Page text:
For nerds of a certain age, Big Trouble in Little China is one of the most important movies of all time. This John Carpenter cult classic did not do well in theaters but became hugely influential after heavy cable rotation and changing sensibilities. Jose “Fubar” Sanchez dropped by to talk about why this movie is beloved by geeks all over the world.
Some of the aspects of Big Trouble in Little China that Jose and I discuss include:
My excellent colleague and friend Paul Semel dropped by to share his thoughts on Moon Knight on Disney Plus and Dr. Strange in the Multiverse of Madness. Although we both enjoy many of the same nerd things, our tastes also vary. With that in mind, I didn’t expect him to enjoy Moon Knight as much as I did. Although he said it was his least-favorite Marvel series on Disney Plus, he enjoyed it more than I expected him to.
Dr. Strange in the Multiverse of Madness was received similarly. Paul Semel also enjoyed, but not as much as I did. He tends to be more cynical about entertainment in general and doesn’t enjoy secondary comics characters as much as I do. For example, I thoroughly enjoyed the Starbrand and Nightmask comics, while Paul could not care less about characters at that…level, for lack of a better word.
Millions of GameTrailers fans know Marcus Beer as the Annoyed Gamer. Thousands of people in the videogame business know Marcus Beer as “that angry yet dashing PR fellow.” I know him as my excellent friend Marcus, an intelligent and charming rogue that’s outstanding to have drinks with and even better for intensely nerdy conversation. You can be part of his nerdy conversations in his all-new, all-different Twitch stream, I Am Beer.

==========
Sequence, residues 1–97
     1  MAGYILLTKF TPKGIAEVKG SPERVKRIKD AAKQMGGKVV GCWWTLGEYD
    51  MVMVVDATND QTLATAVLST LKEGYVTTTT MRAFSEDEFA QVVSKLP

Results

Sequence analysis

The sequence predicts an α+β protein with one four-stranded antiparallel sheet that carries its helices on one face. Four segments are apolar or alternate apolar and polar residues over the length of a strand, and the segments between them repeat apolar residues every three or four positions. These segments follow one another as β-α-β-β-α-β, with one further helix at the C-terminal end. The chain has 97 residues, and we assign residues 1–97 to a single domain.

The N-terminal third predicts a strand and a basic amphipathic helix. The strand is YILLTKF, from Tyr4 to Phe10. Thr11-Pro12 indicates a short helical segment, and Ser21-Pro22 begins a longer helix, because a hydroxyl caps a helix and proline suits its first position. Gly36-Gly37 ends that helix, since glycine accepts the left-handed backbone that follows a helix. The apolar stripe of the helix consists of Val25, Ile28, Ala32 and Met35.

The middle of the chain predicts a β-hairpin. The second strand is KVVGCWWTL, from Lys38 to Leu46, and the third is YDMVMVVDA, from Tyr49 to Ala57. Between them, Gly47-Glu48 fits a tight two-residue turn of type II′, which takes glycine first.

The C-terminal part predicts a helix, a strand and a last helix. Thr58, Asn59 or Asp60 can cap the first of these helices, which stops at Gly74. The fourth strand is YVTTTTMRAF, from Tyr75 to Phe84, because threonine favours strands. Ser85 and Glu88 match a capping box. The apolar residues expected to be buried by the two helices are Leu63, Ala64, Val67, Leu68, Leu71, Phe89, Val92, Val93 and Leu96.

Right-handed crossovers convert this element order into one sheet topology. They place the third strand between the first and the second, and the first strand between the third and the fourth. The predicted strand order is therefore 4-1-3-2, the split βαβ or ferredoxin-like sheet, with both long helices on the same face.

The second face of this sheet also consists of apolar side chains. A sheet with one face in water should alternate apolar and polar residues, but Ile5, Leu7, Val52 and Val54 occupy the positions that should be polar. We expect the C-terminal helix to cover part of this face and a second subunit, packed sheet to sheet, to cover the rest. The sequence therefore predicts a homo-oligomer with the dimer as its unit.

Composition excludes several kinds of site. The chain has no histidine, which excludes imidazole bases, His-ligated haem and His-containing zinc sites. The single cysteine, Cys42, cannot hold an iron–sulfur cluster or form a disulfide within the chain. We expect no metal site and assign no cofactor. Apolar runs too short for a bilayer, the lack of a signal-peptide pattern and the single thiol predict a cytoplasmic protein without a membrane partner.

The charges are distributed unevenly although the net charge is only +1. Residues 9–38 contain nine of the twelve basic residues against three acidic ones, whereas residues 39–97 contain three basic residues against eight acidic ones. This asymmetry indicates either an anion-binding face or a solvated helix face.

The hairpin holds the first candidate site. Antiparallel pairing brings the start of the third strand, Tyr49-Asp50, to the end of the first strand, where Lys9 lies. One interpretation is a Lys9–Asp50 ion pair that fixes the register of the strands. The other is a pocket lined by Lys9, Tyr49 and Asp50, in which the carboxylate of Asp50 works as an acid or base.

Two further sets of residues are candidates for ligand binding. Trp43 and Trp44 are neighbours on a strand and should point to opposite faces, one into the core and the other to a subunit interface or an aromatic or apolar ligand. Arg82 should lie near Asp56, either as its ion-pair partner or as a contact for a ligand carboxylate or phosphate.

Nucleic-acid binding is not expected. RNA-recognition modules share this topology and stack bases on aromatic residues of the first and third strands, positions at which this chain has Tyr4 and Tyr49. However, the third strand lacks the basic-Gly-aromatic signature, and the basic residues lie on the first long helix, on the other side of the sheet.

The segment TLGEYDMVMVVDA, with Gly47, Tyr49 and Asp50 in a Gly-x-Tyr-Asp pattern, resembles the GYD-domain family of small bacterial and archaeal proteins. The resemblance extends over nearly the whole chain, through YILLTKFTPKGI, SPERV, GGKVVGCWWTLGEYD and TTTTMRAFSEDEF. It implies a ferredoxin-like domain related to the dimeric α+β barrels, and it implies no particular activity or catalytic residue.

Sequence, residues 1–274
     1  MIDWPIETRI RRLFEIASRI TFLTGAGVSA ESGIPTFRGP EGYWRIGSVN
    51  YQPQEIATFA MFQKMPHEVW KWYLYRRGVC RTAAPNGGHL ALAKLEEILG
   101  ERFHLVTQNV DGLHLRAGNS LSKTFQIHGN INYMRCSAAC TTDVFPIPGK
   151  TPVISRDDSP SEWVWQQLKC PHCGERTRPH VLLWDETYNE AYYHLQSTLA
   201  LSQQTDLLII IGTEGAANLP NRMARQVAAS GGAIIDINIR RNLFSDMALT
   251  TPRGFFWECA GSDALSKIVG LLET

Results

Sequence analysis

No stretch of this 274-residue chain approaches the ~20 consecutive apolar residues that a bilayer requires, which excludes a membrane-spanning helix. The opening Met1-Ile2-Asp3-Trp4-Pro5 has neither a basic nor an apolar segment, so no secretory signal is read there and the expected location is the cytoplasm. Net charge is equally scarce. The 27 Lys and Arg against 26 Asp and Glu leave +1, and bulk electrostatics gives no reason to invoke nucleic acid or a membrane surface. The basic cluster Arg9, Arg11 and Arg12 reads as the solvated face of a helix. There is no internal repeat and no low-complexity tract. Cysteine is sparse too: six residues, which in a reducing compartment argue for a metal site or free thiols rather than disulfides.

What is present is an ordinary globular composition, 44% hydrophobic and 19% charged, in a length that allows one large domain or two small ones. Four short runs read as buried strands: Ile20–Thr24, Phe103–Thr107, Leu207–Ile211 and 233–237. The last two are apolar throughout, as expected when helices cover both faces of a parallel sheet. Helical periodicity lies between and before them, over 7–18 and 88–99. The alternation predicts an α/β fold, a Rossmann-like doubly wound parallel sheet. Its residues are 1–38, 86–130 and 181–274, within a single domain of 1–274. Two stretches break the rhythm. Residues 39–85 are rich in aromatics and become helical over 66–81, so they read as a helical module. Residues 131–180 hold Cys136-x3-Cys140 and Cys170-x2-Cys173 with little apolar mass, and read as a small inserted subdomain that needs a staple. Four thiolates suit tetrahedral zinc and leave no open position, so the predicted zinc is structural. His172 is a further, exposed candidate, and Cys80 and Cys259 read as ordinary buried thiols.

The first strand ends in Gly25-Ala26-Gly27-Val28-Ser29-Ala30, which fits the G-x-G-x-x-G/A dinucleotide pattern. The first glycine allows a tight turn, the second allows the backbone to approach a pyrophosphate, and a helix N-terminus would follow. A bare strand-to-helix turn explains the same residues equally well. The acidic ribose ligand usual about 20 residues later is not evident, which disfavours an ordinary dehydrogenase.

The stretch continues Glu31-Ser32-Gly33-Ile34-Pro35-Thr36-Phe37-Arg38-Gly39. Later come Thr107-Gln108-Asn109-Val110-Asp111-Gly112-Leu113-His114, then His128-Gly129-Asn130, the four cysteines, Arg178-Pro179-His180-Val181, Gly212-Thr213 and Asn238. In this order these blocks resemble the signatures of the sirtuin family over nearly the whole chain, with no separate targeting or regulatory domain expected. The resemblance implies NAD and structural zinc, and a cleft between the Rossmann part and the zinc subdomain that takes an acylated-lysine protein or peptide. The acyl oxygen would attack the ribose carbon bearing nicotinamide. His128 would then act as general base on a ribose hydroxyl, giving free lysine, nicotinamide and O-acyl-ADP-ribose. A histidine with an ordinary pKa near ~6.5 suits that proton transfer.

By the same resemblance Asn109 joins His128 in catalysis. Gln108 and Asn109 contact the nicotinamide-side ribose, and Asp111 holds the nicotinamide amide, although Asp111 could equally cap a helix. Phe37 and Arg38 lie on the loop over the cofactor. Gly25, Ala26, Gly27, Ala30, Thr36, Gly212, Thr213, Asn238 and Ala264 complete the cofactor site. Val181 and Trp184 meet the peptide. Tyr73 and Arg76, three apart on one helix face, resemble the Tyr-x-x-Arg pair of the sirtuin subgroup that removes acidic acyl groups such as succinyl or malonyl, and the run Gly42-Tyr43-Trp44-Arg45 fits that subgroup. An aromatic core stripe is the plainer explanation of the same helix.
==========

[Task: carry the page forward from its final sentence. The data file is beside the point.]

There are many reasons why you should tune in and watch Marcus Beer stream on Twitch, but if you need more convincing then keep on reading.
2020 was a strange year for movies due to BOSH COVID-19. Many releases were delayed…and delayed again, with some major releases being pushed to 2021. As such, I didn’t see as many movies as I normally would because there were fewer releases. Going into Christmas, there weren’t any movies that truly captivated me.
When I started thinking about this article, Palm Springs was at the top of my list. It’s a clever romcom that puts a nice twist on time paradox hijinx. The writing is witty, the performances are strong, and it’s a charming film…but it didn’t feel like it should be anyone’s choice for the best movie of 2020.
I’ve been wishing for the confluence of streaming services and social layers for a long time. With new services like Scener and Netflix Party, it’s finally happening. Although it’s not quite what I was looking for, these services are a welcome addition to the streaming video experience.
Netflix Party, Scener, and You
Netflix Party and Scener are extensions that work on top of streaming video services. Both add video and text chat windows to video. Netflix Party works with Netflix (duh), while Scener works with a number of streaming video services. Scener also has the added distinction of being officially supported by HBO Go and HBO Now.
These services aim to offer an experience that’s akin to watching a movie or television show with friends, sans physical presence. This is especially welcomed during a global pandemic, when social distancing and stay-at-home practices are strongly encouraged. Video calls through Facetime, Zoom, etc. are great, but watching movies and TV with your nearest and dearest takes it to another level.